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I was watching this TV series, "Unstable" on Netflix. In the 2nd episode, the CEO says to CFO, "Bring me a surprise. Make it a croissant!"

So, when I heard the first sentence, I thought the "surprise" could be anything, not only food. But in the second sentence, he mentioned a croissant. He said, however, "Make "it" a croissant." In this case, does the croissant mean something else, not the pastry?

At work, when my colleague asks the team if anyone wants some coffee or breakfast, some people answer, "Bring me a surprise". I'm confused if the word surprise in that expression is related to food or not.

Thanks for your answers, in advance!

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No, “Bring me a surprise” could mean anything, depending on context. Here, of course, the speaker is being ironic. Compare Henry Ford’s famous remark when competing manufacturers started selling various colors of cars. He said buyers of Fords could get any color they wanted, so long as it was black.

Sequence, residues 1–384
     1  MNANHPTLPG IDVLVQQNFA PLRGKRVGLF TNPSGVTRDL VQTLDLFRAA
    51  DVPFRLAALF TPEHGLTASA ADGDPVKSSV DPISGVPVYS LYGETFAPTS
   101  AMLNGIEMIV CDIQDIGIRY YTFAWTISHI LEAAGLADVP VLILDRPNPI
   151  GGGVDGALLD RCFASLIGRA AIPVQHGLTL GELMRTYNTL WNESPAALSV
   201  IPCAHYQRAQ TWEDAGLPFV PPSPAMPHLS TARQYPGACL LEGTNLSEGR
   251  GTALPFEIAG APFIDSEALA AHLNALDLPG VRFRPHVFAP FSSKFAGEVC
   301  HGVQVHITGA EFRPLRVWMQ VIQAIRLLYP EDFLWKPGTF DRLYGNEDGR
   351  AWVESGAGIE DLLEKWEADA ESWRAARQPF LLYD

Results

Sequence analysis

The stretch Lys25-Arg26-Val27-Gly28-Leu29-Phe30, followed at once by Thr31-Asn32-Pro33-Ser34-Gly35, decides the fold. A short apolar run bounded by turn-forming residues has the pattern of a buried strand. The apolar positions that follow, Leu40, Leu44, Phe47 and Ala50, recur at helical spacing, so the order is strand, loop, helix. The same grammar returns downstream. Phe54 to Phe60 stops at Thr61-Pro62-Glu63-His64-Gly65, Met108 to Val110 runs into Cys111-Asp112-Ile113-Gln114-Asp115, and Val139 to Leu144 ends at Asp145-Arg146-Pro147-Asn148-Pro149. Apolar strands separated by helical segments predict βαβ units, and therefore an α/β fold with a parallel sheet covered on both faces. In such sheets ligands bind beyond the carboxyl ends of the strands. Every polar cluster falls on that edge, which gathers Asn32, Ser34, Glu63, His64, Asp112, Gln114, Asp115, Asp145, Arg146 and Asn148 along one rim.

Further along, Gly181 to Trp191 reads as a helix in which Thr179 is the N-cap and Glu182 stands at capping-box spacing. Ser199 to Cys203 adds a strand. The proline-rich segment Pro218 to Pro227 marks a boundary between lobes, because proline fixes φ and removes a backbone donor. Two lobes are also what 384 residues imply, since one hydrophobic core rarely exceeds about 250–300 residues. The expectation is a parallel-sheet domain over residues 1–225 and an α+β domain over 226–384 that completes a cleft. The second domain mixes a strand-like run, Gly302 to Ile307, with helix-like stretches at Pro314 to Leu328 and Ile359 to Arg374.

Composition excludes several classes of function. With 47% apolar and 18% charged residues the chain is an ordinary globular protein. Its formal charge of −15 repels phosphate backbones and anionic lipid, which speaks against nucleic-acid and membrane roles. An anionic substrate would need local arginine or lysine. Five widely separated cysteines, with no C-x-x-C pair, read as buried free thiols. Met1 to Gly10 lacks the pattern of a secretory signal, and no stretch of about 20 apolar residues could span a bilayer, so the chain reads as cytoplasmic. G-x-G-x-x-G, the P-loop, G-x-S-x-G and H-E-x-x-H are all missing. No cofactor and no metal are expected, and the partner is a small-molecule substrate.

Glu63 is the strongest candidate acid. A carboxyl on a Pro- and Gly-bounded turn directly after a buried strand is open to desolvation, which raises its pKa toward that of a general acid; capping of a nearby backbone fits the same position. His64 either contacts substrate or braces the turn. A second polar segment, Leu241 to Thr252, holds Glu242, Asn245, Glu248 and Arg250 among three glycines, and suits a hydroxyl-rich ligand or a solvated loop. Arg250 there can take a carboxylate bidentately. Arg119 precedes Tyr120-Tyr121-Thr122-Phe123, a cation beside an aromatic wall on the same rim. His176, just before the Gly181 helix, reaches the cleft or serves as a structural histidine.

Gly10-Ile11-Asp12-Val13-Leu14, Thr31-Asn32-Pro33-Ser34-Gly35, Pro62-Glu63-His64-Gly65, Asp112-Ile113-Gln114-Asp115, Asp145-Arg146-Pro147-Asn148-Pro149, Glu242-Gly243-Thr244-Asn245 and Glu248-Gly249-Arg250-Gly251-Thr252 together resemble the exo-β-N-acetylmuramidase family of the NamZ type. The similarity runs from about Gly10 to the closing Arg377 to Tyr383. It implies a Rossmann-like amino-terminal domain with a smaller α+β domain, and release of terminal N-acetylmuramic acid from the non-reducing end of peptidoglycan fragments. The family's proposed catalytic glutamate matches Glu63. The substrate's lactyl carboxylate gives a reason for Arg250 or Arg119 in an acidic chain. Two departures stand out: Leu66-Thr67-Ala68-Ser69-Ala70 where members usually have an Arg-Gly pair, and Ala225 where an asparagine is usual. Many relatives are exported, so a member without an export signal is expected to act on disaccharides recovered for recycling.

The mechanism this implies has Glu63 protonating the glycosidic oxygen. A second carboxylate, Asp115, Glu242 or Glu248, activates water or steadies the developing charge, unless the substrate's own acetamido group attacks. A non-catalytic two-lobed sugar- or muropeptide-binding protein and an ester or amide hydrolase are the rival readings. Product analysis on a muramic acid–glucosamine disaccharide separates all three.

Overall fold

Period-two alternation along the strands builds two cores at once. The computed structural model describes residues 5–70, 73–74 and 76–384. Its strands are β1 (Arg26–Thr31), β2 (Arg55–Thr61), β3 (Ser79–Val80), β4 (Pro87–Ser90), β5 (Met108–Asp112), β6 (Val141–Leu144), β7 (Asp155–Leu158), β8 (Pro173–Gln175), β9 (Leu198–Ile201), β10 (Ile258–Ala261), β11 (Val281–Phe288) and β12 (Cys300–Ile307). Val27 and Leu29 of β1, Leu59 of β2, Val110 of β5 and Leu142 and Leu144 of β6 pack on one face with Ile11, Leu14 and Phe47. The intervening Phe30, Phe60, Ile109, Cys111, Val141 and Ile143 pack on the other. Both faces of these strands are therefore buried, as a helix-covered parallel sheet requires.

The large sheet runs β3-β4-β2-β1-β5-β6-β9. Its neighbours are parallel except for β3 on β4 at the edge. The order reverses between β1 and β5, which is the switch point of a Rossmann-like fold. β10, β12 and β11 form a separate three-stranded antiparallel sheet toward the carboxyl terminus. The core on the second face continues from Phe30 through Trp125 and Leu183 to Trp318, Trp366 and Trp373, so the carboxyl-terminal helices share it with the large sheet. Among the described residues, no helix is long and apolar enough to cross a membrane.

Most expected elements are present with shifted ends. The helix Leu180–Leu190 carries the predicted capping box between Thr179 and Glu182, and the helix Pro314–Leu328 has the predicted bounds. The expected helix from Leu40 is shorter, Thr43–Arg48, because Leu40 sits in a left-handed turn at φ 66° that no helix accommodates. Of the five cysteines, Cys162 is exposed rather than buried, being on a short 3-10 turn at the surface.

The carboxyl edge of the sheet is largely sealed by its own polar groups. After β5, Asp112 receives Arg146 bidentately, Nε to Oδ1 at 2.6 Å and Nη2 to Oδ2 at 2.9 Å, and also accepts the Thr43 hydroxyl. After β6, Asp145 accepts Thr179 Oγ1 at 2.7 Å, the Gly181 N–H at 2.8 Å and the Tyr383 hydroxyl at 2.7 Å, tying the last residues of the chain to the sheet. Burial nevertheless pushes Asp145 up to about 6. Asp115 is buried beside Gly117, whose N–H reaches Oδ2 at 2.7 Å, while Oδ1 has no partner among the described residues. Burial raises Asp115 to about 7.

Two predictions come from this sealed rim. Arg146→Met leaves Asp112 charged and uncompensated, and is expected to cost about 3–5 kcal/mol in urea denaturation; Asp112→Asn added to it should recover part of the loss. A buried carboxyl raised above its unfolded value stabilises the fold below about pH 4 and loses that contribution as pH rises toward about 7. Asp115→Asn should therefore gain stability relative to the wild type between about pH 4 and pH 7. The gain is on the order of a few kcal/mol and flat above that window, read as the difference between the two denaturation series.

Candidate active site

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At work, when my colleague asks the team if anyone wants some coffee or breakfast, some people answer, "Bring me a surprise".

In this context they would expect something to eat and/or drink from the same place. Anything else might indeed be a surprise, but remember that not all surprises are good.

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